At 3:20 a kind of classical acoustic guitar section begins over which Amerindian flute plays. DEMETRIO STRATOS-like vocal improvisations join in, taking over for the flute, before unleashing another jazzy classical guitar solo section. Fans of LEO KOTTKE, TOM RUSH, JOHN FAHEY, or even STEVE TIBBETTS will love this. (18.5/20)

Total Time: 50:07

95.31 on the Fishscales = A/five stars; a beautiful, intricate masterpiece of progressive rock music with a psychedelic world folk bent to it. 





10. FLAIRCK Variaties op een Dame (1978) The brilliant and startling debut from this collective of young Dutch virtuosi inspired by classical and folk traditions far and wide. 

Line-up / Musicians:
- Erik Visser / 6- & 12-string acoustic guitars, sitar, mandolin, mandola
- Peter Weekers / flutes (transverse, bamboo, piccolo), panpipes
- Judy Schomper / violin, viola
- Hans Visser / acoustic bass, Classical & 12-string guitars
With:
- Fred Krens / vibes, marimba, glockenspiel, gong & cymbals (5)

1. "Aoife" (6:28) opens with a soft, laid back, beautiful weave between two string instruments (the Visser brothers' guitars). After a few rounds, in the third minute, the viola and panpipes join in. There is a slight shift in melody with a key shift at the 3:53 mark, the instrumental composition staying the same but everyone moving up the scales a bit to higher pitches. At 5:05 we drop back into the mid-range--though, again, there is a slight shift of melody and pacing. Beautiful song. What an opener! (13.5/15)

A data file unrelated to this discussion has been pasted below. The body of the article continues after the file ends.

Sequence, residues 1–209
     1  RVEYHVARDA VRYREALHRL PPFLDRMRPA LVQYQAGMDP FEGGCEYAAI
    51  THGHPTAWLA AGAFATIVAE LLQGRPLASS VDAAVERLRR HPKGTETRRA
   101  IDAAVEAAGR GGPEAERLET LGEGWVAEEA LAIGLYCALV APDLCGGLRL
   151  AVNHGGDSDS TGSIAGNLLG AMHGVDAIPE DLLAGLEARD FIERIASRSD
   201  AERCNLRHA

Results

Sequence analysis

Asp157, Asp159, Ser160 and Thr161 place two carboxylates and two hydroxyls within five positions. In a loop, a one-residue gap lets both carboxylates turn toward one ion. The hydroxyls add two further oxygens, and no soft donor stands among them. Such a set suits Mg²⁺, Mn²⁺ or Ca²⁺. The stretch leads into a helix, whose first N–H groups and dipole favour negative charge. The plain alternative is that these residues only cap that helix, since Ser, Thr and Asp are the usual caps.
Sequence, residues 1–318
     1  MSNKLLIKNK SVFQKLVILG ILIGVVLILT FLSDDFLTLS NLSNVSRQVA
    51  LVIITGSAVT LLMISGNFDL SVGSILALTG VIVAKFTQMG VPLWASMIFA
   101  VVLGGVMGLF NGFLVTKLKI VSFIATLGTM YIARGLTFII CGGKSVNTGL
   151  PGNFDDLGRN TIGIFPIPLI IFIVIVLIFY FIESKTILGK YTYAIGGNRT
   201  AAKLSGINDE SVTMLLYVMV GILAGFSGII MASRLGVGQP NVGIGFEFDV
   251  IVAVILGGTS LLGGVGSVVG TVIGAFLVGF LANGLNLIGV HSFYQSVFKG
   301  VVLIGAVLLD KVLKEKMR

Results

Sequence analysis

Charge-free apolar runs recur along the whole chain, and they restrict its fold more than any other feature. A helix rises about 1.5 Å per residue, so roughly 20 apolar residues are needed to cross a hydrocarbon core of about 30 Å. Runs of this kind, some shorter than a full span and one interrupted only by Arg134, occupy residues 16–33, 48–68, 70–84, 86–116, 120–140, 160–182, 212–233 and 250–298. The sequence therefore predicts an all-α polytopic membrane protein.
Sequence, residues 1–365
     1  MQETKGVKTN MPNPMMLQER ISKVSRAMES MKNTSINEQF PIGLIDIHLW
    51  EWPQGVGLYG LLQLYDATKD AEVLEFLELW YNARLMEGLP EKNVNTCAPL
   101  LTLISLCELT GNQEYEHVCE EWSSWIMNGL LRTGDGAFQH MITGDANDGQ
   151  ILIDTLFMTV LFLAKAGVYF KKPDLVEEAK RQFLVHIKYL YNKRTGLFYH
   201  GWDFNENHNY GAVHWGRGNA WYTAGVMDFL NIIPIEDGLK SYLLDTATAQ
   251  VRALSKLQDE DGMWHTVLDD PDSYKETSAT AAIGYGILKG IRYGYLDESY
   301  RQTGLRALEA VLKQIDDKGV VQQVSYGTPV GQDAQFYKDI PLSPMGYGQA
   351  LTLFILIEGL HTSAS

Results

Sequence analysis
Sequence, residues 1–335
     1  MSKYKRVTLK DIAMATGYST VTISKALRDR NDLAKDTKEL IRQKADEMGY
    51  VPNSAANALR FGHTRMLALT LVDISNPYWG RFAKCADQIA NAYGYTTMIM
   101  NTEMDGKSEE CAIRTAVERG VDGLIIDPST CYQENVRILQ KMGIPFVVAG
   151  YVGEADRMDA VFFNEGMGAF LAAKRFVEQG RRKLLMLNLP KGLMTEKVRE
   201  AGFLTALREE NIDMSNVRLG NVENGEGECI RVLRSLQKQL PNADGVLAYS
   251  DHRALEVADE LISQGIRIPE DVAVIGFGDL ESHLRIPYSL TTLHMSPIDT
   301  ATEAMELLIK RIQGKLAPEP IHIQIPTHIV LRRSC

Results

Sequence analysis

2. "Voorspel in Sofia" (7:06) opens with first one guitar, and then another, picking and strumming at a fast speed (they're in a hurry!) before panpipes enter and present the fast melody. At 1:15 the violin enters and there is a shift in structure and form though the pacing is still very fast and relentless. At 2:20 another shift in rhythmic structure ushers in a section in which panpipes and violin trade soli for a minute until bird-chirping from each instrument distracts us from a major slowdown from the guitars beneath. This new slow section doesn't change much in terms of structure or melody as violin and panpipes continue alternating their exposition and play with the pre-existing melody. At 5:45 Erik switches over to his mandola as Hans takes up the acoustic bass as the music speeds back up to the original pacing and as the panpipes and violin continue vying for the lead.  (13.5/15)

3. "April 3rd" (5:39) sitar and mandola open this with a slow, spacious structure in which to present a variation on the main melodic theme of the Adagio from Rodrigo's Concierto de Aranjuez. Before the end of the first minute the sitar's lead switches the melody to something else--original or not, perhaps Celtic (more in the vein of Alan Stivell's work), it is familiar. In the fourth minute the sitar leaves and a flute takes its place. The sitar returns and kind of weaves its lower-range melody into the mix though the flute retains the lead. Nice song. (9/10)

4. "Oneven Wals (7:17) guitar and violin open this song with soft, delicate note interplay before being joined by flute (multiple?) and violin (multiple?). The weave is very soothing and flowing until the end of the third minute when a bridge signals the tempo change that happens at the 3:00 mark. A quickened pace yet retaining the smooth, aquatic flow of the music opens The fast, almost frenzied pace of the two lead instruments--the flute and violin--in the seventh minute is This may be the song that displays these musicians' virtuosity the best. I would also not be surprised to learn that this song was developed and recorded later than the previous three as it's engineering and compositional sophistication seems greater, deeper. (14/15)